Here's some additional telephone trivia from the movie.
> As mentioned, in TV and films the dialing of a telephone can slow
> down the pace. Often characters improperly "spun" the dial or
> dialed fewer digits to speed up the scene. But in this movie they
> purposely dialed deliberately as part of the drama. Indeed, they
> not only dialed the full seven digit number, they also dialed the 9
> for the outside line and even paused waiting for the second dial
> tone. This was when Redford was calling various CREEP officers to
> track down money given to the Watergate burglars. There was a TV
> set on in the background, adding to the scene.
I took another look at the movie. While in some scenes they made a
point of carefully dialing all digits necessary, even ten digits for
toll calls, in other scenes they "spun the dial quickly" and dialed
few digits to make a call to save screen time.
They made extensive use of keysets (the six button kind) in the
newsroom. All were black rotary. The line lamps lit up
appropriately. Sometimes several people listened in to a
conversation, and they showed Bernstein unscrewing the transmitter so
that the other party wouldn't notice the listening in. They also
correctly used the intercom button (far right) on the keyset for
newsroom floor calls.
One error, very common in movies _to this day_ was Redford using a
single slot pay phone and the ding-ding sound when his coins dropped.
Single slot pay phones eliminated that sound, but that's still heard
today in productions.
Redford used a phone booth which of course nowadays is a rarity. This
booth was metal with a semi-modern sign on top. It had the old Bell
System logo, but the word "phone" spelled out in lowercase letters in
a modern style. It was a rotary single slot, with a red+white
instruction code, which suggested the phone was equipped for TSP/TSPS
and possibly 911. (Was basic 911 service available in 1972?)
> The other notable aspect of this film was the _lack_ of computers and
> other automated devices to help them in their research, all the things
> we take for granted today. Redford had a _manual_ typewriter, as was
> common for reporters in newsrooms in those years. Wire service came
> over classic Teletypes operating at the princely speed of seven
> characters per second. After typing their copy, it was edited by
> hand, then sent to Linotype machine operators to set type.
Almost everybody in the newsroom had a manual typewriter. These were
large office grade and relatively modern machines for their day. They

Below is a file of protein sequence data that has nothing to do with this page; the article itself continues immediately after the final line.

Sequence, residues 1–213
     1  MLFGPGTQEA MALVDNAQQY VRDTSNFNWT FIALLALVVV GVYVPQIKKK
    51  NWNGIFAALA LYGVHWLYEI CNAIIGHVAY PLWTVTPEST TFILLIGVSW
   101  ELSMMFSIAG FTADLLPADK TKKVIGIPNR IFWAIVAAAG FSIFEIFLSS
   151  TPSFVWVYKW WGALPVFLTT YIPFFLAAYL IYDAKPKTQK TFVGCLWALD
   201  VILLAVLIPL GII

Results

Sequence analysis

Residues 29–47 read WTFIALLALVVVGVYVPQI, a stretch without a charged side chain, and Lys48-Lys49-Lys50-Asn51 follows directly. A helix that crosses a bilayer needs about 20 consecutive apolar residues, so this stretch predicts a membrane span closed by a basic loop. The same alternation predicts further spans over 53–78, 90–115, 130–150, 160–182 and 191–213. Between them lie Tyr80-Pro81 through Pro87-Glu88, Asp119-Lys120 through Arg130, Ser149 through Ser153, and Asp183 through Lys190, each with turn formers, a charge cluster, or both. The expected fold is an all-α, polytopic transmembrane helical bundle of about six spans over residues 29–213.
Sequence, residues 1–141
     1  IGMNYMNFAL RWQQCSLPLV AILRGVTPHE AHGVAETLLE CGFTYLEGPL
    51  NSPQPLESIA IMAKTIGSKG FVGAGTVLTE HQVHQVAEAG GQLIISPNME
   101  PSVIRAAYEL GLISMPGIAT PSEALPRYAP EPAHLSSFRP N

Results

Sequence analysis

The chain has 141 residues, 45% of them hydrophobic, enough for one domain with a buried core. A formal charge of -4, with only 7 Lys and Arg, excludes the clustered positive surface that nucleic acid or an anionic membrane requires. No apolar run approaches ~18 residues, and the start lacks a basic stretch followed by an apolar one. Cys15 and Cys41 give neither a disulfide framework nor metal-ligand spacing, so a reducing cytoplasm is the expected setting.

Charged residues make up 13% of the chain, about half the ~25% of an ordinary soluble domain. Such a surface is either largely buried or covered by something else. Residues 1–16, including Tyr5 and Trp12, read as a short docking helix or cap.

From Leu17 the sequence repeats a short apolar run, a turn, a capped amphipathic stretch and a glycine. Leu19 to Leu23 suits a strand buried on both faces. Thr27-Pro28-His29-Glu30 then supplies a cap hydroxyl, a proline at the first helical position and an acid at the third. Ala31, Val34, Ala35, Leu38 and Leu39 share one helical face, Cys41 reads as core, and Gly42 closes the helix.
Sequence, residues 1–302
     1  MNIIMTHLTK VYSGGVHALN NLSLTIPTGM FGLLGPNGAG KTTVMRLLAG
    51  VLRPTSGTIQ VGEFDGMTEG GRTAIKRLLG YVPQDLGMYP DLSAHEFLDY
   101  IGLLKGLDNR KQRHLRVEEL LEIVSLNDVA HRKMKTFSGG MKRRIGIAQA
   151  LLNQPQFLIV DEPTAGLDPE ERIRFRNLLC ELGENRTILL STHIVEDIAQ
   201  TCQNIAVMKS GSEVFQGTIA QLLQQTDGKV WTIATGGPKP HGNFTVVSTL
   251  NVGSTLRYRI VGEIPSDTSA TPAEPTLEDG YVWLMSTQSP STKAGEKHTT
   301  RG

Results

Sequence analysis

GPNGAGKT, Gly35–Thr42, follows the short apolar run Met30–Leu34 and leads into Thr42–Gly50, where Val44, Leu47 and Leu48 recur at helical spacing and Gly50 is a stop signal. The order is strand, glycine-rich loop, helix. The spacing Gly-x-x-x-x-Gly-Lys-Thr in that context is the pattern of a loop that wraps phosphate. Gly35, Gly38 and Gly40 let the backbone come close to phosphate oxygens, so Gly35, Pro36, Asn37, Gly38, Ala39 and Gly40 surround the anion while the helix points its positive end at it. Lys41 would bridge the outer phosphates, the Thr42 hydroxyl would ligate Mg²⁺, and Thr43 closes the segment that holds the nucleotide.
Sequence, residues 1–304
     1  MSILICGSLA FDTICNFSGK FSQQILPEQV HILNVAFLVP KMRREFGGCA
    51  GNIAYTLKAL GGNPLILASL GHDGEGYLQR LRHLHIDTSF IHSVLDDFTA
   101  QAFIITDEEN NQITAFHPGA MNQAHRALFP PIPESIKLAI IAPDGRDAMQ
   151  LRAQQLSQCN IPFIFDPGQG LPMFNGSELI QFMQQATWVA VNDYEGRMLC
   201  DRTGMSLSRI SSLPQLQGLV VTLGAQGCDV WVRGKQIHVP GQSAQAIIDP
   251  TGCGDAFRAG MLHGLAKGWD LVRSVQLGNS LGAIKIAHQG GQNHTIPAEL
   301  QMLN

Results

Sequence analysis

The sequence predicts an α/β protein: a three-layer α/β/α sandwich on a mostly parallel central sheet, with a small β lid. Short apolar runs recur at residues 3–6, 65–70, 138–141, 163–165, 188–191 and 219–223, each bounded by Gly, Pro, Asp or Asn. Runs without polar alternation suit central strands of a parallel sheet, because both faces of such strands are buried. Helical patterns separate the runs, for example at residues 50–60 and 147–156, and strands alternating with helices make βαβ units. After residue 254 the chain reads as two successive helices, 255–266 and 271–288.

seemed to favor Olympia brand. Redford had an old tiny portable at
There was a large fax machine in which they got a copy of another
In one scene they search through call slips at the Library of
Congress. Today this could be done by computer instantly. In the old
days, library books had a card in the back which was removed when
someone checked out the book, and they wrote their name on that card.
Some places used a code number instead of a name. But looking at the
card would say who had the book before.
In another scene Redford is on the floor searching through a pile of
city phone books to find out about some person. Obviously today that
would take but a second through the Internet and they'd get a lot more
information about someone. For example, if someone was active in
sports or in clubs, often there is a web reference to that activity,
which could tell where someone went to school, etc.
I was surprised at how freely people spoke to the reporters
considering they were ordered not to and knew they were sitting on hot
stuff that could come back and bite them on their butts. When I watch
cop dramas, I'm surprised how much people tell cops without first
calling their lawyer or just keeping their mouth shut. Cops have a
way of intimidating people by their badge. But newspaper reporters
have no badge, no authority.
If a reporter asked me questions about myself or my employer I would
never say a damn thing. They are not your friend "trying to help you"
anymore than a cop is who says the same thing. I remember when the
film "Absence of Malice" came out journalists were very offended but
that movie was accurate in how journalists can be sloppy and hurt
innocent people as a result.
If I recall, W&B's efforts changed the face of political journalism
into a more aggressive role. At that time they became big folk heros
and lots of kids chose to study journalism as a result, causing a glut
in the field. (Even then newspapers were shrinking with people
getting laid off.)
What is forgotten about Watergate is that a lot of young innocent
people got dragged down and ruined by careless reporting or guilt by
association. It is one thing to get the guilty, but our quest isn't
so high and mighty that it's ok to sacrifice the innocent too along